Everyone who pays attention to politics and governance knows New York State’s reputation for dysfunction and corruption. Yes, the situation does appear to have improved somewhat under Gov. Cuomo — though recent revelations about how his own anti-corruption commission was hampered are troubling — but too many decisions are still made in the shadows, and far too many officials are found to be criminals.
What may be less known is how dysfunctional the system is for those people just trying to run for office against incumbents or those who otherwise are part of the establishment. New York almost stands alone in this respect too, as it is one of only a few states that prevents people from running through an overly cumbersome ballot access system. While the stated goal of the system is to ensure that only genuine candidates with at least a shot of winning get on the ballot, the effect is to give the establishment an unfair means by which it can perpetuate itself.
Case in point is that of Bernadette Semple, a political newcomer and Navy combat veteran running against indicted incumbent state Sen. Malcolm Smith of Southeast Queens in the Democratic primary. Also running is longtime official Leroy Comrie, who’s the favorite in the race. They all need to collect 1,000 valid petition signatures to get on the ballot, no problem for Smith and Comrie. Semple managed it to, filing 1,035, as certified by the Board of Elections. And there are a million nitpicky ways signatures can be declared invalid, beyond the reasonable rules meant to detect actual false ones.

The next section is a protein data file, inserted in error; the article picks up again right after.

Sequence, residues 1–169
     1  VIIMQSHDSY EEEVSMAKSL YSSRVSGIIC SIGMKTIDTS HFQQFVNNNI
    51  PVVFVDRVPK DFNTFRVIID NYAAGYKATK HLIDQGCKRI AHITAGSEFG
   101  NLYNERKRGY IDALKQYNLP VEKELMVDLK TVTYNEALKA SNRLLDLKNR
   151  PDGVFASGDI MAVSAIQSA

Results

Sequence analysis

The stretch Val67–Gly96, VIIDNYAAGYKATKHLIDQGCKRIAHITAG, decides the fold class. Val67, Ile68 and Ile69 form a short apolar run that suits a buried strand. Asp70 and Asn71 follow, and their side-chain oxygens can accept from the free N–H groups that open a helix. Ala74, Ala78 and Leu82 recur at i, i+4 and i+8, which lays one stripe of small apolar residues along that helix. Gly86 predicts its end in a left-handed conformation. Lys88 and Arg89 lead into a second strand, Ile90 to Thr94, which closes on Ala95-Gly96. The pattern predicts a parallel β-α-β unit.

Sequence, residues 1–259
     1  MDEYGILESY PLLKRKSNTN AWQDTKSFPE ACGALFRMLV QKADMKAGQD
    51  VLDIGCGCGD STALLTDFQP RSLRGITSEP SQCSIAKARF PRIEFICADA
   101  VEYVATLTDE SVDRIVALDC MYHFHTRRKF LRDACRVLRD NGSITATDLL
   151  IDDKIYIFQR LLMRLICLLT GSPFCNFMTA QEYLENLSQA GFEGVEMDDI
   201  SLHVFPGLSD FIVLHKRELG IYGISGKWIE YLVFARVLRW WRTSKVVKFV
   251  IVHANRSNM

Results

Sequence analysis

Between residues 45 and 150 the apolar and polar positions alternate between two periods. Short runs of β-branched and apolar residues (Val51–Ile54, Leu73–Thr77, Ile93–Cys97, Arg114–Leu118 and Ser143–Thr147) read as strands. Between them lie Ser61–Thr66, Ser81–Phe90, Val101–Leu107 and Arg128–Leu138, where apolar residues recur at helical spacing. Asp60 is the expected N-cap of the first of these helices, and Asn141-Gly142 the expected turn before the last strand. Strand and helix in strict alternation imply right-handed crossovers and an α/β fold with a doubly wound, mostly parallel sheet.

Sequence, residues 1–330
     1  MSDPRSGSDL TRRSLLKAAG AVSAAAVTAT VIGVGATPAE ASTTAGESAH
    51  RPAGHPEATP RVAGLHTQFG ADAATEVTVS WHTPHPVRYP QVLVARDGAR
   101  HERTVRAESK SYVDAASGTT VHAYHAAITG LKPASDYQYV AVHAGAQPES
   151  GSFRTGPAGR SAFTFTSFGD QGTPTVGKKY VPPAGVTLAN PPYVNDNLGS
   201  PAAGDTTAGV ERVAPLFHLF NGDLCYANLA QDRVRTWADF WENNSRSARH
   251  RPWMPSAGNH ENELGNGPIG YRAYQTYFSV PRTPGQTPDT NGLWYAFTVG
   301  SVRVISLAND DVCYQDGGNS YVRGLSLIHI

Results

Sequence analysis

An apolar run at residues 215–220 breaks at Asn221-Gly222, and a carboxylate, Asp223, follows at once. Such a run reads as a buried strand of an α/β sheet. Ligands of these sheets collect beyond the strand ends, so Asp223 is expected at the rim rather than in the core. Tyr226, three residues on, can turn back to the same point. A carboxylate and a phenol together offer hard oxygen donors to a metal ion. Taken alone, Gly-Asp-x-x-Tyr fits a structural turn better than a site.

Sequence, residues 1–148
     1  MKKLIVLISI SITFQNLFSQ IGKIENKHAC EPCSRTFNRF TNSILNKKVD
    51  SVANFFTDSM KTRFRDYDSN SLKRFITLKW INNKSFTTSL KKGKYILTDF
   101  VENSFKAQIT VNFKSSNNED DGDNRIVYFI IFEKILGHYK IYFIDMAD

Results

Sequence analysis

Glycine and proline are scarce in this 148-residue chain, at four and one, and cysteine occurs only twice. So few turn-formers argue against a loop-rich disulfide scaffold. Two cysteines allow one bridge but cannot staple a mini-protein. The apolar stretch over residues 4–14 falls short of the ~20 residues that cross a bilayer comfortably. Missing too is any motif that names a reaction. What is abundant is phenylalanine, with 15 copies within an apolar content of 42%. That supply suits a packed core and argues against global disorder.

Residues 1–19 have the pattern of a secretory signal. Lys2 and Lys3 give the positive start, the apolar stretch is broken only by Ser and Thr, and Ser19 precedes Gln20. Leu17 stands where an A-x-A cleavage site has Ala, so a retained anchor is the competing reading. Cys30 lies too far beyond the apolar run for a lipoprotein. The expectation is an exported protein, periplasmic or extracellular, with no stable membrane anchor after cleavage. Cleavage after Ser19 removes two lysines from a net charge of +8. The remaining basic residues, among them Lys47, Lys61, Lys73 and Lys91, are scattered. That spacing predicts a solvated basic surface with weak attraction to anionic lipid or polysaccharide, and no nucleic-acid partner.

Those with party and financial backing do all they can to keep challengers off the ballot, so Comrie is appealing the BOE decision. Semple will have to defend herself in court, using up vital resources. Many good people have had to drop out of races in the past because they could not afford to do that, and she likely will too.
It would be better for all concerned — especially the voter — if Semple could just run for the seat and Comrie were only able to defeat her at the polls. The good government group Citizens Union believes the petition signature rules should be either loosened or abandoned, noting that few states have anything like them. We tend to agree. Let the people, not the parties and the lawyers, decide who can run, and possibly even win.